Carlin Glynn
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Carlin Glynn
Carlin Glynn
Born (1940-02-19) February 19, 1940 (age 79)
Cleveland, Ohio, United States
OccupationActress, singer
Years active1975-2006
Peter Masterson
(m. 1960; his death 2018)
Children3, including Mary Stuart Masterson

Carlin Glynn (born February 19, 1940) is an American singer and retired actress. She is the mother of actress Mary Stuart Masterson.

Life and career

Glynn was born in Cleveland, Ohio. She attended Mirabeau B. Lamar High School in Houston, Texas.[1][2]

A life member of The Actors Studio,[3] Glynn made her belated but Tony-winning Broadway debut - as 1979's Outstanding Featured Actress in a Musical - portraying "Mona Stangley" in the original production of The Best Little Whorehouse in Texas,[1] a musical comedy adapted by Glynn's husband and fellow Studio member, Peter Masterson, from a non-fiction article published in Playboy, in collaboration with the article's author, Larry L. King, and songwriter Carol Hall, and developed at length in workshop performances at the Studio.[4] Glynn's award-winning performance would be reprised in the 1982 revival.[5]

Glynn's first movie appearance was as Mae Barber in Three Days of the Condor (1975). She is also known for her role as mother to Molly Ringwald's character in Sixteen Candles (1984), and as daughter-in-law to Geraldine Page's character in The Trip to Bountiful (1985). Her other film credits include roles in Resurrection (1980), Continental Divide (1981), The Escape Artist (1982), Gardens of Stone (1987), Blood Red (1989), Night Game (1989), Convicts (1991), Judy Berlin (1999) and Whiskey School (2005).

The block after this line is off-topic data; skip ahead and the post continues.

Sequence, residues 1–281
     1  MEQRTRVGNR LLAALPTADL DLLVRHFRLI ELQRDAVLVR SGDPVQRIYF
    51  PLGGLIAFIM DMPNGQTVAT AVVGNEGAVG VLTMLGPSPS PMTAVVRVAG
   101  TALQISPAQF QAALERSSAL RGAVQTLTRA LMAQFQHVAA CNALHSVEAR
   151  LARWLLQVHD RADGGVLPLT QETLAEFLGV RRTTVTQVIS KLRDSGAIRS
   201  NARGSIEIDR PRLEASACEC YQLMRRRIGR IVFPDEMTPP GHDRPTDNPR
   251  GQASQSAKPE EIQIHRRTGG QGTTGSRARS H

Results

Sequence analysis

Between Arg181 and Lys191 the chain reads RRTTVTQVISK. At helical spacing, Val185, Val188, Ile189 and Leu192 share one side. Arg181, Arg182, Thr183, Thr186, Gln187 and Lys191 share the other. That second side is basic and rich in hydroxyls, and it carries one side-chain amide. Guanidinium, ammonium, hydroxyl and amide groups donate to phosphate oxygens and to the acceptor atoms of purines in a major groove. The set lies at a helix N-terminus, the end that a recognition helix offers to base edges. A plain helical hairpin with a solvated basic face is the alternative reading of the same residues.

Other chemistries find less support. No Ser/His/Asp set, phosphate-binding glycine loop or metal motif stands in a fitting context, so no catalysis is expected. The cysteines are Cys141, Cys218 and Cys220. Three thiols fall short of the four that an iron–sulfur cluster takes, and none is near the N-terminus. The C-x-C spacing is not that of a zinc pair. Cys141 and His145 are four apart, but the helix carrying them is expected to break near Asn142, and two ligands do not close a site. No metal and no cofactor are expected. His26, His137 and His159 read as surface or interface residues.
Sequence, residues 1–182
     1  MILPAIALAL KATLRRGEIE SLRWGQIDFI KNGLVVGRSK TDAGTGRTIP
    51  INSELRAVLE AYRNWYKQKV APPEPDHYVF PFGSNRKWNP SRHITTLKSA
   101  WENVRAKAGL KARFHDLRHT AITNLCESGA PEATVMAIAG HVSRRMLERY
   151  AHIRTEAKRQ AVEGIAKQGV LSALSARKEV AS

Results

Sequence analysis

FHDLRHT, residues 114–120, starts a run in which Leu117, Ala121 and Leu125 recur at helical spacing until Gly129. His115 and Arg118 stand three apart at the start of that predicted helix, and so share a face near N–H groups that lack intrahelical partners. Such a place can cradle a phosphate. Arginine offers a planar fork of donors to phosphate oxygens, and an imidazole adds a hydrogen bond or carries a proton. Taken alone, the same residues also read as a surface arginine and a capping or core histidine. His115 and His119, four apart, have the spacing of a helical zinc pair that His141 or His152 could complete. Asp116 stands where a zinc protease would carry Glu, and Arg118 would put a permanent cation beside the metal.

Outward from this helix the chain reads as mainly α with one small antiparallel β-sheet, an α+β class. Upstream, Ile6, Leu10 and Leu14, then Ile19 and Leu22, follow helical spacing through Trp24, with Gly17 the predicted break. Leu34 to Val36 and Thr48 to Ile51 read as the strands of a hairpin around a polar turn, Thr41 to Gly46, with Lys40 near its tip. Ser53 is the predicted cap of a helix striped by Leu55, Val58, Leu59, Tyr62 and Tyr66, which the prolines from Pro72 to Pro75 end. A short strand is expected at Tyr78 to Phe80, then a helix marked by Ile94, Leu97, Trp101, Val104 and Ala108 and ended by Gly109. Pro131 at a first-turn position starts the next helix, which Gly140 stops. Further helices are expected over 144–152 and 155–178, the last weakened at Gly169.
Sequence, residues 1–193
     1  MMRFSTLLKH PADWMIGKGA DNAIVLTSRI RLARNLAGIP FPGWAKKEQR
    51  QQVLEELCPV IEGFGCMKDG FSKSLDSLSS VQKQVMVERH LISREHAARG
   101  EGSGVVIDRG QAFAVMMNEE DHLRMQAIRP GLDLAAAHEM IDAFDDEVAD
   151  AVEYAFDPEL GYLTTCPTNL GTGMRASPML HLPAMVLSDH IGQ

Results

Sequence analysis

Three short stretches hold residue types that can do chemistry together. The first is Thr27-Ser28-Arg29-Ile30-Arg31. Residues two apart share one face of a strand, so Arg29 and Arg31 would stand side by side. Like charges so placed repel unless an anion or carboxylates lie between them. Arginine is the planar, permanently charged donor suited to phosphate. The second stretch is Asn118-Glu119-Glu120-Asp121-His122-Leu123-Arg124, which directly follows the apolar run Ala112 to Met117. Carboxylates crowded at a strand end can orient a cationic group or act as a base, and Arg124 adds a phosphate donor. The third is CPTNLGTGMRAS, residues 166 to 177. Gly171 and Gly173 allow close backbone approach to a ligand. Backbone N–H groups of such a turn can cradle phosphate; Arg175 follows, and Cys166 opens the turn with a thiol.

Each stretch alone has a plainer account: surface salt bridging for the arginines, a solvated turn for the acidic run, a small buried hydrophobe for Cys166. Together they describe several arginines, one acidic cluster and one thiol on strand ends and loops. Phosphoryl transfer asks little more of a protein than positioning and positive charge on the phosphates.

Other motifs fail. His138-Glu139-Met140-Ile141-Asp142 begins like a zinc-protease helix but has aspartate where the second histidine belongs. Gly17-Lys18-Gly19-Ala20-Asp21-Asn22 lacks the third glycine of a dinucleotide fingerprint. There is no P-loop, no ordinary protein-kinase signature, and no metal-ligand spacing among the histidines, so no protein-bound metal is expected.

References

  1. ^ a b Raidy, William A. (1979-09-26). "Carlin Glynn Turned a Favor Into a Tony". The Spokane Spokesman-Review. Retrieved .
  2. ^ Mesinger, Maxine. "Lamar High marks 50th anniversary." Houston Chronicle. Friday August 7, 1987. Houston 1. Retrieved on October 13, 2012.
  3. ^ Garfield, David (1980). "Appendix: Life Members of The Actors Studio as of January 1980". A Player's Place: The Story of The Actors Studio. New York: MacMillan Publishing Co., Inc. p. 278. ISBN 978-0-02-542650-4.
  4. ^ King, Larry L.; Holland, Richard A. (1999). "The Missing Years". Larry L. King: A Writer's Life in Letters, Or, Reflections in a Bloodshot Eye. Washington, DC: Texhouse Corporation. p. 249. ISBN 978-0-87565-203-0.
  5. ^ McKinnon, George (1982-04-18). "Marquee: Best Little Whorehouse Plans All-Texas Gala". The Boston Globe. p. 1. Retrieved .

External links

Preceded by
Estelle Parsons
Vacant (2003-2004)
Artistic Director of the Actors Studio
2004-2007
With: Lee Grant
and Stephen Lang

(2004-2006)

Succeeded by
Ellen Burstyn

  This article uses material from the Wikipedia page available here. It is released under the Creative Commons Attribution-Share-Alike License 3.0.

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